This interview is a little different for Guitar Moderne. While I have featured, what I call, Roots Moderne records in the past, this is my first interview with a Roots Moderne player. Peter Parcek approaches the blues with the idea of making it his own, rather than presenting a retro reproduction of the genre. His record Mississippi Suitcase demonstrates a deep understanding of the blues coupled with an ear for modern sounds and production. When I learned that we both lived in London, albeit a couple of years apart, in the 60s, I thought it would also be fun to discuss some of the musicians we saw in that time and place, who were themselves pushing the blues envelope.
Someone recently asked me to define roots moderne. Bursting Blue Bone Bark, the Berlin-based project of Knox Chandler and Eric Mingus, epitomizes the answer. Chandler’s combination of National steel guitar and iPad apps, joins Mingus’ guttural blues shouting and vocal noises for music as primal as the Aborigines and modern as tomorrow.
B.B. King in Guitar Moderne? Hell yeah. He did more to modernize the sound of the blues than any other guitarist. King refined the sound of the electric guitar, finding that sweet spot where it drove the tubes and achieved the sustain of a horn, without distorting into unintelligibility. King mashed up elements of big band swing, Django Reinhardt’s gypsy fire, with some be-bop sophistication, all without ever losing the power of the genre’s simpler folk roots.
King was a student of music, working with instruction books during long trips on the road—and there were a lot of long trips on the road. It was this hidden well of sophistication that allowed him to often interject an amazing modern jazz run in the midst of the melodic call and response licks he used to tell his story.
Blues revivalists who mimic his style note for note are not his offspring. His children are players like Robben Ford, Joe Bonamassa, Mat Schofield, and Josh Smith, who start with his lessons and add modern touches of their own.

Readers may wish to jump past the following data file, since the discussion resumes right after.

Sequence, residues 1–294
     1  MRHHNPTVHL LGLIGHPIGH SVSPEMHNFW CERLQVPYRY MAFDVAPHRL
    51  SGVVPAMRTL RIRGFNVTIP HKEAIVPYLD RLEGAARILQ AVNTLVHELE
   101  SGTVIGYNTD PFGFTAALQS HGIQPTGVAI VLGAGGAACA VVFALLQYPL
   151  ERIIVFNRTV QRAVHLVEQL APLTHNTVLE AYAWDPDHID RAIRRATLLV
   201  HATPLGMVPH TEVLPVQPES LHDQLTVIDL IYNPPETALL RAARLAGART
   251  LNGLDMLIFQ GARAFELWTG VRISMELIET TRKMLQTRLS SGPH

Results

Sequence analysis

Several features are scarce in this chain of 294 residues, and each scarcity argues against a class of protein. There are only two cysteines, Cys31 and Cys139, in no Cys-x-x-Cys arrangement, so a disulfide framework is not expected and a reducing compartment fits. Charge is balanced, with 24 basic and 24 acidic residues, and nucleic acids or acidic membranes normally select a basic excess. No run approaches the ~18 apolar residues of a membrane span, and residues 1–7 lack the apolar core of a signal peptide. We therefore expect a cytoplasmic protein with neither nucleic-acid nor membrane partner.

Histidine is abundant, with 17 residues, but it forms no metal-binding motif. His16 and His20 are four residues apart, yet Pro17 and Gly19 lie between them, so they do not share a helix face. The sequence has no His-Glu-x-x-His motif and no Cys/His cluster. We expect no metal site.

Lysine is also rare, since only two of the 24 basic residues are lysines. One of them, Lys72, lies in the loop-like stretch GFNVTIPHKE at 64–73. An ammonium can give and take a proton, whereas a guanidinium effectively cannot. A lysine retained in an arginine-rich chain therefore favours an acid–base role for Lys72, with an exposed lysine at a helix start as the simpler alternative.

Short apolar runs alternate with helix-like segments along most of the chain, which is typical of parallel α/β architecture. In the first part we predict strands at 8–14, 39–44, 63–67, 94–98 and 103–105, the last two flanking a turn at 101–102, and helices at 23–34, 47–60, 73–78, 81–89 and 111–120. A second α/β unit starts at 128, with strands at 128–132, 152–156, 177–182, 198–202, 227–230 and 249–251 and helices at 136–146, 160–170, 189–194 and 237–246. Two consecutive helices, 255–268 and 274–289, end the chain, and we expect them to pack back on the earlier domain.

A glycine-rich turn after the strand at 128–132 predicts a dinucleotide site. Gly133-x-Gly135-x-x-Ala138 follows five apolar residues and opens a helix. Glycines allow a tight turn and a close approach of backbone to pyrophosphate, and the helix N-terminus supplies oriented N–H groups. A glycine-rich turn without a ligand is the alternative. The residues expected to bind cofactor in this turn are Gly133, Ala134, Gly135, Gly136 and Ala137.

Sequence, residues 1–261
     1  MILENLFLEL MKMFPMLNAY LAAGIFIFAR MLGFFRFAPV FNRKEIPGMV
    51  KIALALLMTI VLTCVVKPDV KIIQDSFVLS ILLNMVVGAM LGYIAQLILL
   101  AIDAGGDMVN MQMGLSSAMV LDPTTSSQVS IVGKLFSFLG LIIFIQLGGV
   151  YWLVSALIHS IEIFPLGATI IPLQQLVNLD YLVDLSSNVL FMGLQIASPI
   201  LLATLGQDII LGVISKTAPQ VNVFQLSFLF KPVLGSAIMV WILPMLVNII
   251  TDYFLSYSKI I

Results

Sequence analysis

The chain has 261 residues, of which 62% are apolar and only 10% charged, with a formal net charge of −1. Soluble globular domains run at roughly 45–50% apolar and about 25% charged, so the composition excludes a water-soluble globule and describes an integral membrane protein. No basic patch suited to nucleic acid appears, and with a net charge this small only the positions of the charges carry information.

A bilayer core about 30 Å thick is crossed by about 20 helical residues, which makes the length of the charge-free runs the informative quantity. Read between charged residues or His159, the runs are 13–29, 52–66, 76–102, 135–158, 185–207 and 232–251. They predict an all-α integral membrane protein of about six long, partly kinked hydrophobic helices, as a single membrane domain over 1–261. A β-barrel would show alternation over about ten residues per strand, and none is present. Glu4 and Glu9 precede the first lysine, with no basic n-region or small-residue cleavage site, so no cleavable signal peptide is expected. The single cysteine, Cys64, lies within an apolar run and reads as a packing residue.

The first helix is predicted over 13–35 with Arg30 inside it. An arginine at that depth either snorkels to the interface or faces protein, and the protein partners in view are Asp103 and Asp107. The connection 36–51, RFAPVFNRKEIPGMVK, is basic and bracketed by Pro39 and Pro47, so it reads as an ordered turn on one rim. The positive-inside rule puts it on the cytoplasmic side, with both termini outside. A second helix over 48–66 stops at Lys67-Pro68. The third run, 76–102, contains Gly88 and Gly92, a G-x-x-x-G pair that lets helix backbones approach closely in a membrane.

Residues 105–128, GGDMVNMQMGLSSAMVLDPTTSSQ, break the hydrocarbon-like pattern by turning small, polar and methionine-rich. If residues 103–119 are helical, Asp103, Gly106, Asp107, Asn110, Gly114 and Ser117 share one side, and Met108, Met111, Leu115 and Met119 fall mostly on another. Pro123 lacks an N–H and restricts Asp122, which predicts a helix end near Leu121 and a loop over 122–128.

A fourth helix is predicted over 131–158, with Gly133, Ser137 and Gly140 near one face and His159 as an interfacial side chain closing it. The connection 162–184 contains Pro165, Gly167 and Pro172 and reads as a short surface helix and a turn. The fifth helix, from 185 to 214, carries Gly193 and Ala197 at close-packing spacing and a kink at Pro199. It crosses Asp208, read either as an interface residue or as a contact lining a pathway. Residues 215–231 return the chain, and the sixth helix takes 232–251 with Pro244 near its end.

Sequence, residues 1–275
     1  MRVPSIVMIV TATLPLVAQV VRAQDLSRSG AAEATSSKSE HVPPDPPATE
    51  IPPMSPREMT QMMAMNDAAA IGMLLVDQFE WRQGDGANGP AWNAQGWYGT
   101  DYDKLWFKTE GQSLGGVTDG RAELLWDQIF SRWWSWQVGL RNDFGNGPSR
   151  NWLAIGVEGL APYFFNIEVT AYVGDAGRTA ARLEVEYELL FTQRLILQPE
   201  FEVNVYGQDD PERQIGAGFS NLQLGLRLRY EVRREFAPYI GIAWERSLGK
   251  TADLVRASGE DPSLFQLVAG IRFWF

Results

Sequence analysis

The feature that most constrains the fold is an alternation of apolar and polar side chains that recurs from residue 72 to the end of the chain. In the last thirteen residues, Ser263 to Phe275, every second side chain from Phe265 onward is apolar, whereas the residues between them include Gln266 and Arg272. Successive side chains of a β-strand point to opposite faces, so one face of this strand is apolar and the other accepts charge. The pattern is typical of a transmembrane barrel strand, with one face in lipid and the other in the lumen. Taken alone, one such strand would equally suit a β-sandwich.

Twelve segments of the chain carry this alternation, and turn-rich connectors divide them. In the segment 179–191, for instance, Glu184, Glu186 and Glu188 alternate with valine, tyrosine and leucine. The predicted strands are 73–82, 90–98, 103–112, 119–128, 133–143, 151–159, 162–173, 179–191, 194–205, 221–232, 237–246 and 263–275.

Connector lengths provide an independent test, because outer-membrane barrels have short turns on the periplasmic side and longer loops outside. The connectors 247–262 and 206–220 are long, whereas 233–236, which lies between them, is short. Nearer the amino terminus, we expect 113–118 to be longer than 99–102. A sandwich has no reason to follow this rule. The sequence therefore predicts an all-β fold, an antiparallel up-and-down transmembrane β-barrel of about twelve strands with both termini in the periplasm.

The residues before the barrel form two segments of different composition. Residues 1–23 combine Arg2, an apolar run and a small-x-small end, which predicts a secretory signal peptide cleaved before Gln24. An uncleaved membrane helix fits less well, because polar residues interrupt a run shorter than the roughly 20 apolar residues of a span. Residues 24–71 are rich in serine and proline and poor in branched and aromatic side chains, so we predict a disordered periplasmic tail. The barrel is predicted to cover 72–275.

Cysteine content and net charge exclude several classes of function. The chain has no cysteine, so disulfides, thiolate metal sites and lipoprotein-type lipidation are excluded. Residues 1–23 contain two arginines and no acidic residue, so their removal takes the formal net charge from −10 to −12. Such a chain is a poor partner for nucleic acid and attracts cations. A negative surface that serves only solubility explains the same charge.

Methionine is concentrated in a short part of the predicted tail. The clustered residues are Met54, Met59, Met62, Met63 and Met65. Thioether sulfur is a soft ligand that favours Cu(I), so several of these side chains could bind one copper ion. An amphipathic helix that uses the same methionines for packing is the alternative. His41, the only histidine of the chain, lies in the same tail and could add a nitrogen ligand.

If Guitar Moderne is about moving the art of guitar forward, B.B. certainly deserves to be here. RIP Riley B King.
You may know Ted Drozdowski’s name if you were a fan of the late, lamented Musician magazine, or read his articles in Premier Guitar magazine and his posts on the Gibson website. A respected music journalist, Drozdowski has also studied Mississipi Hill Country Blues with masters like R.L. Burnside and Junior Kimbrough. With his band, The Scissormen, he keeps the flame of this elemental blues style alive, while adding a modern psychedelic aspect that only adds to the music’s mystery.
In the Jack White post I introduced the idea of a Roots Moderne section for Guitar Moderne. The response was quite positive so I am going to give it a go.
I want to be as clear as possible as to what I consider to be Roots Moderne. For the purposes of Guitar Moderne, something is Roots Moderne if it is guitar based and embodies a strong link to a popular musical lineage that goes back beyond the last 50 or 60 years, while adding elements that make it relevant to the present. Such lineage would include blues, country, jazz, African, Asian, etc. It also needs to involve some reinvention of the genre. You could say it started with Little Axe (who, with their blues/dub/hip-hop hybrid rate their own post); Jack White certainly embodies the concept, as does Dan Auerbach’s use of the momentary pitch shifting in this Black Keys tune.
To help flesh out the concept I offer some other examples that work for me.